Thoughts on Mad Men s7e4, “The Monolith”



(theme to 2001: A Space Odyssey plays somewhere in the distance) images courtesy of Slate

My God, this episode had SO MUCH jammed into it. So many Kubrick references. So many self-referential moments. So many goddamned hippies. Where the hell do I even begin?

In short, The Monolith” is about evolution and advancement, fear of technology and change, and how if these characters don’t begin to evolve, they’re going to be obsolete. Or, you know, clubbed to death by the apes that have learned to use tools. That massive computer taking over the creative lounge is both a literal and figurative symbol of the way things are headed – everyone has to get on board with it or be left behind.

On a deeper level, these characters have to move past the failed versions of themselves in order to get on with it, to continue to exist in any meaningful capacity. They have to learn, move past what does not work, and just get on with it already. Don being popped in a dead man’s office is no mistake – and in order to become relevant again and remain that way at SC&P he needs to Do The Work, both in the sense of Peggy’s requested tags, and the sense of actually working on his damn self in his own life. Keep moving forward, another recurring theme on Mad Men.

Don walks into the SC&P office to what appears to be telltale signs of The Rapture; abandoned desks, a phone hanging off the hook. Sadly, no Jesus is kind enough to rapture Lou – it’s just LeaseTech Lloyd yapping about the new gigantic computer they’re going to be installing. Cutler enthusiastically shares the news of the agency entering the future, appropriately at a time when man is so close to the moon. 1969 brings in some hope after the turbulence of 1968, and that computer brings in a giant leap forward for SC&P; One Giant Leap for Mankind, as it were. As much of a boob Harry Crane tends to be on a regular basis, he’s on the nose about needing a computer to move forward and keep ahead of their competition.

Lloyd Hawley is eerily reminiscent of HAL-9000, and that’s absolutely no mistake. His calm, near-monotone inflection, his generic happy face and demeanour, all point HAL to me. Their interactions are laced with an undercurrent of bizarre antagonism, The Future versus The Ape, and if Don doesn’t get with it he’ll soon become the fate of the now-defunct creative lounge.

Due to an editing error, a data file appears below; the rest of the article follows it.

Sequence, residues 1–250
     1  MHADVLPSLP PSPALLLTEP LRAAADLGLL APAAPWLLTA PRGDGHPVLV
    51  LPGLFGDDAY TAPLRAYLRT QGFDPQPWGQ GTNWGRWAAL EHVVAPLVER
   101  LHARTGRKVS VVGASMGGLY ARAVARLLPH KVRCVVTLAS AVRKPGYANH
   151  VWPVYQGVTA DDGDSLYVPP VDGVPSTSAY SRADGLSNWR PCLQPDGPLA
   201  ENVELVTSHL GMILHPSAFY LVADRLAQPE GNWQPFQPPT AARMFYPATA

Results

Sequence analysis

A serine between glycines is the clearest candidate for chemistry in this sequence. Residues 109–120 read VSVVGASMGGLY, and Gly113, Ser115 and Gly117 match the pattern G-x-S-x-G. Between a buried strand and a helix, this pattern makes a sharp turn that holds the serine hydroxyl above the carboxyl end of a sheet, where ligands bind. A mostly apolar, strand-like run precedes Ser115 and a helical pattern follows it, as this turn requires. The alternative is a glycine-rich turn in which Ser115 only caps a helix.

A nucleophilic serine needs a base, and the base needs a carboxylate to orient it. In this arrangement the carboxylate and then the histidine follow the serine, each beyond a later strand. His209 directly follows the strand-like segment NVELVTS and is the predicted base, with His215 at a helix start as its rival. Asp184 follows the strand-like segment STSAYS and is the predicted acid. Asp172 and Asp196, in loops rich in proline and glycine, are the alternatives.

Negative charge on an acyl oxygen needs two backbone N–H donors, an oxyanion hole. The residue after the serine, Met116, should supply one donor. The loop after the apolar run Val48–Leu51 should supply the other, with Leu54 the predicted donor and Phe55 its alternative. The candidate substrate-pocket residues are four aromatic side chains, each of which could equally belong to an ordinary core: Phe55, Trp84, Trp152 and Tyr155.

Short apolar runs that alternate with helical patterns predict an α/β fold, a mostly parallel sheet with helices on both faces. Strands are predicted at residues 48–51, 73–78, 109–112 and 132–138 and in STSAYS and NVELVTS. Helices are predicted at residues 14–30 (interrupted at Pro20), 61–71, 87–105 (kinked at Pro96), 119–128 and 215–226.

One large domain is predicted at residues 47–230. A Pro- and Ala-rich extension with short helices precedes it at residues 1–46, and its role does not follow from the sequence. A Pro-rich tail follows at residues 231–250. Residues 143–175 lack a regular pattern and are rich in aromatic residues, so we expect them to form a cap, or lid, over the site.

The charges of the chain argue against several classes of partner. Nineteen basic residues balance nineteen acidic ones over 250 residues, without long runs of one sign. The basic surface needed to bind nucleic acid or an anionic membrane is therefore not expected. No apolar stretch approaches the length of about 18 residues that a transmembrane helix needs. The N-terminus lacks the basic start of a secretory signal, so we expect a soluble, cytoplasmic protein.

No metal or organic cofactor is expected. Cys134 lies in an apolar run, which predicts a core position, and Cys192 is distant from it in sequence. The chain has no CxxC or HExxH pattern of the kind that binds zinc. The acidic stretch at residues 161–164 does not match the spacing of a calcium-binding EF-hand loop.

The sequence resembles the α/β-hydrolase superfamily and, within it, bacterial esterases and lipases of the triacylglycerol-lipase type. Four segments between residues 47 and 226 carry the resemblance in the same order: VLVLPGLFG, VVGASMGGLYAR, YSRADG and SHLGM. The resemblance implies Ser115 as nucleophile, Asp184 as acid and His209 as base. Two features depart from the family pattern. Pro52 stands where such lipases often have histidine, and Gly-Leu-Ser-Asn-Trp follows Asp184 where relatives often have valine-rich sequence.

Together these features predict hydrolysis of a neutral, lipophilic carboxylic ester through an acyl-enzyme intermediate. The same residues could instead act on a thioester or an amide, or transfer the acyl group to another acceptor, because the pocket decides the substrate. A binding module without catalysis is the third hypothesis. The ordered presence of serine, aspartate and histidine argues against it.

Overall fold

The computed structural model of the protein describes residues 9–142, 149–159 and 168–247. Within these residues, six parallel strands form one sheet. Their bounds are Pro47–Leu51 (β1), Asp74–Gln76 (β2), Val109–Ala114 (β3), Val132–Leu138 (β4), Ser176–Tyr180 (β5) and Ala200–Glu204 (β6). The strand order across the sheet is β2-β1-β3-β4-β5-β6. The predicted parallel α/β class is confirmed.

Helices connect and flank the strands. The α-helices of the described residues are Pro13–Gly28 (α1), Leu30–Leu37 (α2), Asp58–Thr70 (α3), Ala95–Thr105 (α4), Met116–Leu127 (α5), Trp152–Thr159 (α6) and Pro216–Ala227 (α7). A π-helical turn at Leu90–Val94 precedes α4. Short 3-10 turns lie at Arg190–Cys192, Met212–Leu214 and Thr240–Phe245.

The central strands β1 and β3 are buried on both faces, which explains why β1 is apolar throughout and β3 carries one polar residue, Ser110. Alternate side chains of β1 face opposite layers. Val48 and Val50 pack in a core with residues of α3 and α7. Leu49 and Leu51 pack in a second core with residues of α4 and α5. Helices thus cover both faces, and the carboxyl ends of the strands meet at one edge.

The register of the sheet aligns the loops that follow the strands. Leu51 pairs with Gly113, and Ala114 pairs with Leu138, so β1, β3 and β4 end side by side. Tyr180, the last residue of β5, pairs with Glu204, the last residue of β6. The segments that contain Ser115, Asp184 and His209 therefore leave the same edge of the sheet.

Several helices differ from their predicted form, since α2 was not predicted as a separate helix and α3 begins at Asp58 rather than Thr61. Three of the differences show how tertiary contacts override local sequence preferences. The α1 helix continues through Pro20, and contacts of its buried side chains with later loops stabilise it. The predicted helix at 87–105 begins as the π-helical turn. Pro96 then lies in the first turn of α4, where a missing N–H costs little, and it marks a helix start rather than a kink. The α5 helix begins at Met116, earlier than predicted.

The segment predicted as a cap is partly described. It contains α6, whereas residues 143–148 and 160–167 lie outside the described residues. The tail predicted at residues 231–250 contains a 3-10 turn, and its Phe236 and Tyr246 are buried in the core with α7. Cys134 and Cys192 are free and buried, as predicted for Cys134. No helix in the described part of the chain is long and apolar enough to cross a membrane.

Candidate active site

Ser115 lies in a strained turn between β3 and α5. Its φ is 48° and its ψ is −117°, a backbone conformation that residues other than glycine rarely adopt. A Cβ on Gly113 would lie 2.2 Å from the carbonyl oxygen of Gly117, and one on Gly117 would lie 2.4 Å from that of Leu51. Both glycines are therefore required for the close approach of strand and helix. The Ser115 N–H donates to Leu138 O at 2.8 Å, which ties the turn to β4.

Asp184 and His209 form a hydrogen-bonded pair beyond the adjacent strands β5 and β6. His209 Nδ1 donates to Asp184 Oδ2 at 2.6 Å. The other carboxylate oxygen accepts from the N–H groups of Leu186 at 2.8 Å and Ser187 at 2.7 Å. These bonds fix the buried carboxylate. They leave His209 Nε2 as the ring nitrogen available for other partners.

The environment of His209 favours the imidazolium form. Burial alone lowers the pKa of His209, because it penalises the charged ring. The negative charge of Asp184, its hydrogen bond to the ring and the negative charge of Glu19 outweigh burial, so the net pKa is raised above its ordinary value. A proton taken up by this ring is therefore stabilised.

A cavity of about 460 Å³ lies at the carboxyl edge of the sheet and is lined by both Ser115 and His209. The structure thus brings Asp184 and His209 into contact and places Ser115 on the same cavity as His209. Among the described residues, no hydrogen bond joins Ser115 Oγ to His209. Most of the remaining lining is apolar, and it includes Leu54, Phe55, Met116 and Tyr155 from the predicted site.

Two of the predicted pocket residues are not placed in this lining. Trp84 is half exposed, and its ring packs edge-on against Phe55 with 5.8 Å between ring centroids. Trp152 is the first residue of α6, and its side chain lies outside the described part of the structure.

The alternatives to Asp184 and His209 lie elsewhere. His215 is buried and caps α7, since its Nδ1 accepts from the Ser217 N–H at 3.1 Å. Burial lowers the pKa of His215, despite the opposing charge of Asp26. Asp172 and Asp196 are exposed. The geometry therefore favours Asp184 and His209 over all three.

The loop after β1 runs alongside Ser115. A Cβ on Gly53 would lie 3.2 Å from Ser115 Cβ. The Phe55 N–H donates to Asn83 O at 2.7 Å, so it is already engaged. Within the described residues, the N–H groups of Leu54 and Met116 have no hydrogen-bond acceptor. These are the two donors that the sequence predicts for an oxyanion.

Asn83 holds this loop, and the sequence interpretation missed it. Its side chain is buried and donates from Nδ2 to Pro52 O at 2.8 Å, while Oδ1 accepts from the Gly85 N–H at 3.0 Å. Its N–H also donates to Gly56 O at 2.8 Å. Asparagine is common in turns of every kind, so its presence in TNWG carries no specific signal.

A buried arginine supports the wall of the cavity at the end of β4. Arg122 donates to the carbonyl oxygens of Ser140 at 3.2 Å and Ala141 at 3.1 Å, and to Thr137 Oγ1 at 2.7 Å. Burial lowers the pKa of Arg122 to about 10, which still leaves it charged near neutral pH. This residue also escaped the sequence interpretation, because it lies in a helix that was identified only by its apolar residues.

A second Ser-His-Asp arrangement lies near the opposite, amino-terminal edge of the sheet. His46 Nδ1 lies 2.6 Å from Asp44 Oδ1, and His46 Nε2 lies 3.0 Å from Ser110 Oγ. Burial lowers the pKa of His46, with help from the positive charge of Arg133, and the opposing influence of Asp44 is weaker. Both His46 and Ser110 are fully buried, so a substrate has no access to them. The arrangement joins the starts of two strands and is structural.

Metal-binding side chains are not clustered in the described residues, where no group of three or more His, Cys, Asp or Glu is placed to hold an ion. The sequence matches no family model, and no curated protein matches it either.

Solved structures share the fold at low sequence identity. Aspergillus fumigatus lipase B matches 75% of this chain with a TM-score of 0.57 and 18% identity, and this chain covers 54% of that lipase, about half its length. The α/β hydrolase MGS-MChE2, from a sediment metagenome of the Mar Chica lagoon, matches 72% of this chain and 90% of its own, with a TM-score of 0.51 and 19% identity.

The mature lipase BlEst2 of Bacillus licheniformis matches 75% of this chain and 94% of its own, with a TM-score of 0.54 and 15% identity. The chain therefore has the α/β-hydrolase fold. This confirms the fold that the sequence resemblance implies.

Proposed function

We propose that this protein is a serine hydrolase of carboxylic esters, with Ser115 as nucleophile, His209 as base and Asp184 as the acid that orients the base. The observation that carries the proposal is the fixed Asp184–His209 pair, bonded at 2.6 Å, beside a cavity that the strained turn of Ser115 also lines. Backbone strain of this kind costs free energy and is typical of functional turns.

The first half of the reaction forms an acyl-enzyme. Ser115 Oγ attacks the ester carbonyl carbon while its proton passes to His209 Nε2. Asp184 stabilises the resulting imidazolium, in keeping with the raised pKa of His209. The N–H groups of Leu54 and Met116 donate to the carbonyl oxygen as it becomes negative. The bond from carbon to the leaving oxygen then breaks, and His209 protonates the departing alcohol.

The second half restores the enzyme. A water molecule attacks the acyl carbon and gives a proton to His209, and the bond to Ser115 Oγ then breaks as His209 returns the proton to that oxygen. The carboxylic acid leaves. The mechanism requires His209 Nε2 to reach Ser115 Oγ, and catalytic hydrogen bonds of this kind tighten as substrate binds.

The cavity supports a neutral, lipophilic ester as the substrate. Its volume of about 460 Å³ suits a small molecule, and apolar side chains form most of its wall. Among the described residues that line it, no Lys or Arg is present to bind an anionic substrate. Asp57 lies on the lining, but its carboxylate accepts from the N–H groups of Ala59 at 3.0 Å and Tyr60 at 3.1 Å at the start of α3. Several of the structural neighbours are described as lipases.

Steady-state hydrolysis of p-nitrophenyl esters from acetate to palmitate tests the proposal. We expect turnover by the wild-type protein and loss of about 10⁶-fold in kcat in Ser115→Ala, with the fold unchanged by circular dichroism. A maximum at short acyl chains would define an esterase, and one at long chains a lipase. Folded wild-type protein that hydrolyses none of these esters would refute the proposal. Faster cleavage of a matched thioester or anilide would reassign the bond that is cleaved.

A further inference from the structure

(And don’t think the irony of Don playing Solitaire at his desk while the engineers are installing the new computer was entirely lost on me.)

True to ridiculous form, Lou is attempting to grasp at whatever sense of glory he has as Creative Director. He immediately denies the need for Ted to come back east to work on Burger Chef, entirely so he can pit Peggy against Don and keep Don at bay as much as possible. As an aside, I’m glad that Pete isn’t totally lost in the LA haze. Running into a former Vick Chemical colleague, he manages to snag the Burger Chef account while bonding with him over his former father-in-law having a heart attack. Apparently, the guy’s a nightmare to work for so I suppose this is good news? He ain’t dead, but incapacitated for the time being, so I guess it’s okay that they both joke about it. But hey, Pete’s still got it!

Shocking news at 11pm: Lou doesn’t perceive Peggy as competition for his job or even as anything close to resembling an equal. He has an agenda to keep Don from actually accomplishing anything and taking away “his” glory, and uses Peggy to do his bidding. He throws some money at her (much more tactfully than Don did in s5’s “The Other Woman”) in just the right way with some guidelines, and his plan is set into motion. I mean, it’s always been obvious that Lou is a complete dick from the first episode, but this just cemented it for me. He’s manipulating Peggy because he’s too damn lazy and entitled to deal with Don himself, and frames this grunt work as a promotion to her. Rude.

We’ve seen Peggy evolve from mousy secretary to junior copywriter to copy chief, and watching Peggy become Don’s boss is pretty satisfying. As this reality slowly sinks in to Don, he ain’t too happy about it. In fact, it looks like he’s trying to telekinetically burn a hole in her fucking head as she’s diplomatically asking him to be on her team and turn in tags for Burger Chef.

daaaaaaaamn, Don. image courtesy of

Turns out he accepted SC&P’s offer because he thought he was calling their bluff, and it appears they were playing it straight after all. Don, still ever-resistant to being taken down a few pegs, sees an opportunity with Lloyd’s needs to advertise LeaseTech and floats the idea to Cooper. And of course, Cooper knocks Don right back down to size. He firmly reminds Don that he needs to show he can crawl before he can run, and Don takes this .. not so well. He backslides with a bottle of Roger’s vodka, which is understandable given his shitty circumstances of returning to work, but nonetheless still hard to watch. Don is forced to embrace being a dead man for the second time in his life, and it’s not going well.

As an aside, Don being in Lane’s old office is a trip for sure. He finds Lane’s discarded NY Mets pennant under the radiator, and hangs it on the wall as something of a reminder. The only other things on the walls in there are his advertising awards, so to have something so personal hanging up is a little different for Don. After all, him and Lane started that agency together. And hey, 1969 is the year of the Miracle Mets! Initially dismissed as a team that year, they rose from a season of mediocrity to defeat the Orioles in a massive World Series upset, since that particular Orioles team was one of the most flawfree in the history of Major League Baseball. I guess we’ll see how this parallels with Don’s own hopeful rise among the ranks at SC&P.